Richard Kane’s love of weather began when he was a teenager crabbing the Chesapeake Bay’s Hart-Miller Island. In order to maximize his catch for the day, which paid his tuition at Baltimore’s Archbishop Curley High School, Kane had to vigilantly monitor tides, winds and approaching storms.
“I’d call the weather three to four times a day,” said Kane, whose record catch was nearly 60 dozen crustaceans.
His love for weather continued to grow, leading Kane to enlist in the U.S. Navy, where he gained experience at the U.S. Fleet Weather Central/ Joint Typhoon Warning Center in Guam.
During his time in the Navy, he also worked at a large computer center in California and at the Patuxent River Naval Air Station.
“It was a great experience because I got exposed to all different pilots and different aircraft, because different aircraft have different weather needs,” said Kane, who was inducted to the National Meteorolgist Hall of Fame in Pennsylvania. “I loved that.”
After leaving the Navy in 1979, Kane entered The Pennsylvania State University, where he earned a bachelor’s and a master’s degree in meteorology.
Today, the 1970 Archbishop Curley graduate, who also attended Baltimore’s Our Lady of Hope School and St. Luke School, was recently promoted to lead the National Weather Service Forecast Office in Pittsburgh, Pa.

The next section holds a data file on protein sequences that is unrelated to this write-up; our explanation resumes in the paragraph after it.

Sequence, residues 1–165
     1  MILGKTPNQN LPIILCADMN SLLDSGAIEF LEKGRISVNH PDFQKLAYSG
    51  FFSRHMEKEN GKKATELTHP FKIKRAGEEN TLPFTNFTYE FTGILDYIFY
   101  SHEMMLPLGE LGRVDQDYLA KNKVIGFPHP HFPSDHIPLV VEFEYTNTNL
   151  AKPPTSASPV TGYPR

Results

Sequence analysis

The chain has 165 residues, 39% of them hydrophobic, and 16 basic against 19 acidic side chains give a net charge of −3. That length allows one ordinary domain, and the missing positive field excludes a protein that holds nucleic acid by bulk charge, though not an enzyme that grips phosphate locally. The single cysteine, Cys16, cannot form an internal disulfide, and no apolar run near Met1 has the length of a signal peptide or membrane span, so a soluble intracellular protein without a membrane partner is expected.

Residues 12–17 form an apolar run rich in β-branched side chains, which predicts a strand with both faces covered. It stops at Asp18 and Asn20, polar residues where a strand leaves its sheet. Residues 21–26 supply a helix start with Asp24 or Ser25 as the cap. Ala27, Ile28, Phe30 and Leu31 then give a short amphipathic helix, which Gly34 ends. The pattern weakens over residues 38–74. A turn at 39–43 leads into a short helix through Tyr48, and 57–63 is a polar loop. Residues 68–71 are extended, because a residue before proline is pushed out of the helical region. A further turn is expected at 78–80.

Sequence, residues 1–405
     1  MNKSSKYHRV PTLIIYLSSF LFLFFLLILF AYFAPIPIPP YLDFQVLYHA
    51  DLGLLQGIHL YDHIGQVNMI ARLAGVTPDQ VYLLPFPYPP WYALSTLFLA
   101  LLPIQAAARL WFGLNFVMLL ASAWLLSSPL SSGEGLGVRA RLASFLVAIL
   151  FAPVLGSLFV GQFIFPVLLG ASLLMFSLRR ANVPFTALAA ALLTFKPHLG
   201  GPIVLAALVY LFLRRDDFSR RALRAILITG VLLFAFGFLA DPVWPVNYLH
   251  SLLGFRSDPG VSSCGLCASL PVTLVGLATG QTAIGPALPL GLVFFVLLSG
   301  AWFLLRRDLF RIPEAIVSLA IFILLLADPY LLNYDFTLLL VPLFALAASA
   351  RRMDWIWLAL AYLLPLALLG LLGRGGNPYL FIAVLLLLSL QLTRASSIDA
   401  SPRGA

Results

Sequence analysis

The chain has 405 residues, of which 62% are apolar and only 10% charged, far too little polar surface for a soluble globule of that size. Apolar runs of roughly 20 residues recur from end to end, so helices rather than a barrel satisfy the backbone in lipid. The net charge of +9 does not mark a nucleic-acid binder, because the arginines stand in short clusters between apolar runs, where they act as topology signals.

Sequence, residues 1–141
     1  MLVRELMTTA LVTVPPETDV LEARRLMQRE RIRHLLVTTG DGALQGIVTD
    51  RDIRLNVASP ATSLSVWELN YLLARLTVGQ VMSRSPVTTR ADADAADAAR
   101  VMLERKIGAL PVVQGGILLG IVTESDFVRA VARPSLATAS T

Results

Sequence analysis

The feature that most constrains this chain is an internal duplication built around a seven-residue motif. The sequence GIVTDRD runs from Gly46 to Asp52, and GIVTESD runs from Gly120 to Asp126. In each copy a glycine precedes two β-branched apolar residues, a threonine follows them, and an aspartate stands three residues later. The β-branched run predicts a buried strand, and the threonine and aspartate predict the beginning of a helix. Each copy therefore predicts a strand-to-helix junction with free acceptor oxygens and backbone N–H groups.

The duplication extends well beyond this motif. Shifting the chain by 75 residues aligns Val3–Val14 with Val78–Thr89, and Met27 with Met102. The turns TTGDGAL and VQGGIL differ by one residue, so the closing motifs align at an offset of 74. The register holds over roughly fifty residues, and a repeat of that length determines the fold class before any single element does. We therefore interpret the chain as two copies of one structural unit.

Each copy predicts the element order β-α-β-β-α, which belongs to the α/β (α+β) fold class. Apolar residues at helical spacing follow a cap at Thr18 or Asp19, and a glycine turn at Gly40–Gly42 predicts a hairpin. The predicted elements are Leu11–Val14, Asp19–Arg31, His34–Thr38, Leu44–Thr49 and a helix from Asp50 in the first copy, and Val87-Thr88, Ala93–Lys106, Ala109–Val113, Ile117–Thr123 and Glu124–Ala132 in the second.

“I love the weather,” said Kane, a husband and father of two. “It is a fascinating field, and I enjoy it every day. “
He considered the National Weather Service “an outstanding agency,” and knew that’s where he wanted to work.
Kane’s career as a forecaster has taken him from Albany, N.Y., to Sterling, Va., to a apposition in Pittsburgh as the warning coordination meteorologist for the National Weather Service. In that capacity, Kane served as a liaison, working with the public and the media.
While experience and technology have made him a better forecaster, Kane said those in the weather field need to always keep in the back of their minds that they could be wrong.
“Many times I think only God knows for sure what’s going to happen because, again, you often get humbled,” Kane said. “We forecast the best we can with the tools we have, but it is a challenge to deal with nature.”
Kane, who loves the weather and winter storms, said he does feel good when he hits a forecast. “It’s pretty satisfying when we can help people prepare themselves against severe weather,” he said.
He credited his Archbishop Curley education with springboarding him to his career.